Examples of Research Bases

Research Station Name: Institute of Spinward Cosmology
Location: Western Continent, Regina/Spinward Marches
Isolation: Strongly isolated
Contract: Regina University
Research Area: Space Science—Cosmology
Tech Level: 12
Personnel: 30/10 (6/1 in orbital facility)
Security: None
Description: The ISC is a prestigious part of Regina University and maintains an off-campus base-cum-telescope array at one of Regina’s trojan points. The Institute proper is housed in one of RU’s new buildings and the ground floor includes a cafeteria and lecture hall. Considerable computing power is housed in the basement. The orbital facility is small, cramped and staffed mainly by interns and early career researchers due to its isolation.
Research Station Name: Research Station Gamma
Location: Vanejan/Spinward Marches
Isolation Extreme isolation
Contract: Imperial Research Station
Research Area: Primary: Life Sciences—Psionics
Secondary: Physical Sciences—Communications
Test Site: Space Sciences—Robotics
Tech Level: Unknown
Personnel: Adventure 2: Research Station Gamma gives no figures, but some deductions can be made from the text and plans. There are 15 single staterooms and one double stateroom, there is a meeting room with 16 seats. The various offices don’t imply many more staff than this and some support staff are implied which presumably would be within the 16 total. Four admin, two technicians, one security officer and nine scientists would seem reasonable.9/7 (+24 robots)
Security: Extremely tight
Description: description quoted from Adventure 2: Research Station Gamma“Situated among the scattered ice-clogged islands of the southern sea is Imperial Research Station Gamma, one of seven in the Spinward Marches.

“The station is readily recognizable from a distance as a slender column topped by a circular cap; spiralling down the shaft is a succession of globular attachments. Depending on the season, the station may be ice-locked, surrounded by separate ice floes, or in open sea. The nearest land is a small island on the horizon to the north.

“At night, the station is topped by a strong white light visible for at least fifteen kilometres, serving primarily to warn off shipping.”

Further reading

Behind the Claw by Martin J. Dougherty lists research bases in Deneb sector and mentions those in the Spinward Marches (pp.24-25 & 164-166). “Research Stations of the Imperium” by John C. Meyers (Imperium Staple, no.6, 1986) lists seven bases in the Spinward Marches and four in the Solomani Rim.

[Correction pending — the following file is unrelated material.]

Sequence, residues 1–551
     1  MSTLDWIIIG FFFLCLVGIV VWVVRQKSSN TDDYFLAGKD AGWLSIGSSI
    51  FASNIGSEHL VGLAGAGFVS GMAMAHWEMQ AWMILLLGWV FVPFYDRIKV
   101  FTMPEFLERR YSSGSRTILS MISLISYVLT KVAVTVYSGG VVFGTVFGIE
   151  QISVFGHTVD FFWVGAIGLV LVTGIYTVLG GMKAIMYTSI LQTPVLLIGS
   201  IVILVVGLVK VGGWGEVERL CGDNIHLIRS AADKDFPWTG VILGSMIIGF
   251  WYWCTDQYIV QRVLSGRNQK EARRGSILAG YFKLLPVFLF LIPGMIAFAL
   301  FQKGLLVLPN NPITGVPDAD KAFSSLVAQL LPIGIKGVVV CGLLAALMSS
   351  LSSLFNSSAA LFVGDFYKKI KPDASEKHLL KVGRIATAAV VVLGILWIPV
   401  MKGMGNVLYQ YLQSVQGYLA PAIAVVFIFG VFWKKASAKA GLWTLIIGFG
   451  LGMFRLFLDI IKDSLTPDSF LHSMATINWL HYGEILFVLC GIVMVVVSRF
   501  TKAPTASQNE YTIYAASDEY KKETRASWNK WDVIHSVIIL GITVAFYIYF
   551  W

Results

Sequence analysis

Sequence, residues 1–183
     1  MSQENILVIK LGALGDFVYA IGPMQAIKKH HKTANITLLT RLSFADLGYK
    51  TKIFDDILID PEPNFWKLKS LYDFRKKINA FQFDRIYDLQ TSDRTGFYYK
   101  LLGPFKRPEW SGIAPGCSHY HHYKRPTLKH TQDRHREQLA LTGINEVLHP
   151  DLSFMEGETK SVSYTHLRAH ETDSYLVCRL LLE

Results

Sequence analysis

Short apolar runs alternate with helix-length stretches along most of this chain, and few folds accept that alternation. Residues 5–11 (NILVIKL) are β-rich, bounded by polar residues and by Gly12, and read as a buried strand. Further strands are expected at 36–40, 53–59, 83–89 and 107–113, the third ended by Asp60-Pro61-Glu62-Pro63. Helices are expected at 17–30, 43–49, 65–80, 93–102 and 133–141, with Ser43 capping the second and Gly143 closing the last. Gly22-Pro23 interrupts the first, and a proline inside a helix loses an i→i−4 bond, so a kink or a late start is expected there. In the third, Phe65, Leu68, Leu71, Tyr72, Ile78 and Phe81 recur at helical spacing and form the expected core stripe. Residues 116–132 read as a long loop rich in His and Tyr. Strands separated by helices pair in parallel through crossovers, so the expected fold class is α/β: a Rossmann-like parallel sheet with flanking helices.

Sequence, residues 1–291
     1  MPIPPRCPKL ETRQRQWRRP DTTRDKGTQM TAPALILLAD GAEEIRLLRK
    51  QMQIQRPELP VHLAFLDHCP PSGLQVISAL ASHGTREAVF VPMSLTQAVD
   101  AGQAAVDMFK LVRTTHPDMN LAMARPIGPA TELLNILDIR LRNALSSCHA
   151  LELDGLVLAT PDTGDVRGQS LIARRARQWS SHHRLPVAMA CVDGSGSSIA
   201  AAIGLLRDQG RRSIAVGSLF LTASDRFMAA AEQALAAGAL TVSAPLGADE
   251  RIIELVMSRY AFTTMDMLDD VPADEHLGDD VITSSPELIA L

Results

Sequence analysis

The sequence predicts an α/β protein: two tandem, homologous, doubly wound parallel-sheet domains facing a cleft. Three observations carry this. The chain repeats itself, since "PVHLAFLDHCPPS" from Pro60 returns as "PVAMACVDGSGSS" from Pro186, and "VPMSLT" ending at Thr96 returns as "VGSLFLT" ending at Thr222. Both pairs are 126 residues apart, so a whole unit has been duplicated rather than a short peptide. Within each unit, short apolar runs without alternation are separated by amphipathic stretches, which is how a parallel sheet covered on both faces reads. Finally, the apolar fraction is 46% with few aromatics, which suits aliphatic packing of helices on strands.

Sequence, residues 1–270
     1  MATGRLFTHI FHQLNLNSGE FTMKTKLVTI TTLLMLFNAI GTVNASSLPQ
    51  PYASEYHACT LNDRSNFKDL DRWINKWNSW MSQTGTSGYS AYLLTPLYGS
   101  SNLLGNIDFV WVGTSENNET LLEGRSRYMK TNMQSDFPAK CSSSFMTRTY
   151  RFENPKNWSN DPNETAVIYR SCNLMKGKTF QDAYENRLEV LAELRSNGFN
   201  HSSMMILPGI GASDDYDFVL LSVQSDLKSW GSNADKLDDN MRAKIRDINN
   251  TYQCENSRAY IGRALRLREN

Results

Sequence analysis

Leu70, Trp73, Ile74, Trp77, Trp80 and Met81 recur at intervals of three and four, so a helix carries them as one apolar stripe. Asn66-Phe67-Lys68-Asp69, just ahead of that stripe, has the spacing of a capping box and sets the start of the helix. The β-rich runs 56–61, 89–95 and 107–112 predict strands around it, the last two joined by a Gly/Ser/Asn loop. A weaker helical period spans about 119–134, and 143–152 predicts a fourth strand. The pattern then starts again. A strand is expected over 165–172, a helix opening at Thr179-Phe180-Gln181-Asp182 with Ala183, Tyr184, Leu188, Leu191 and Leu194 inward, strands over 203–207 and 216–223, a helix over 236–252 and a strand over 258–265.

Book 4: Deep Space Exploration Handbook (part of The Great Rift) includes a Base Module and a Research Assist software package.

Starship Geomorphs by Robert Pearce includes several research elements. Explorers by Paul Elliott includes descriptions and deck plans for various base options as does Modular Base ‘Commodus’ by Christian Nienhaus. Attractive colour plans for a research facility can be found in “Neptune Station: Undersea Research Facility, University, and Community” created by Michael Tumey (also available with better quality as a separate product).

Angle of Incidence(also reworked for Cepheus Engine) by Michael Brown has notes on Imperial Research Sigma refitted from a decommissioned 1000-ton Purcell-class Xboat Tender (with the PCs delivering supplies again). Port of Call: Vanessa by the same author includes a TL 11 research base called The Spindle.

“Imperial Research Station Beta” by Randy B. Windle (Challenge, no.42, 1990) has the characters investigating instantaneous interstellar communication and in “Kiraag Research Station” by Jonathan Crocker (Challenge, 51, 1991) the PCs are delivering medical supplies to a base. For a rather grim adventure try “Zhodanian Brain” by Michael Brines (Traveller Chronicle, no.2, 1993) in which psionic research has gone amok. “Incident on Pluto” by Robert Gray (Stardate no. 3(3)) is a horror scenario for 2300AD and includes plans for Research Station Jung. “The Mermani Descent!” by Bill White (with plans) has the PCs looking for SuSAG equipment (Traveller Chronicle, no.5, 1995).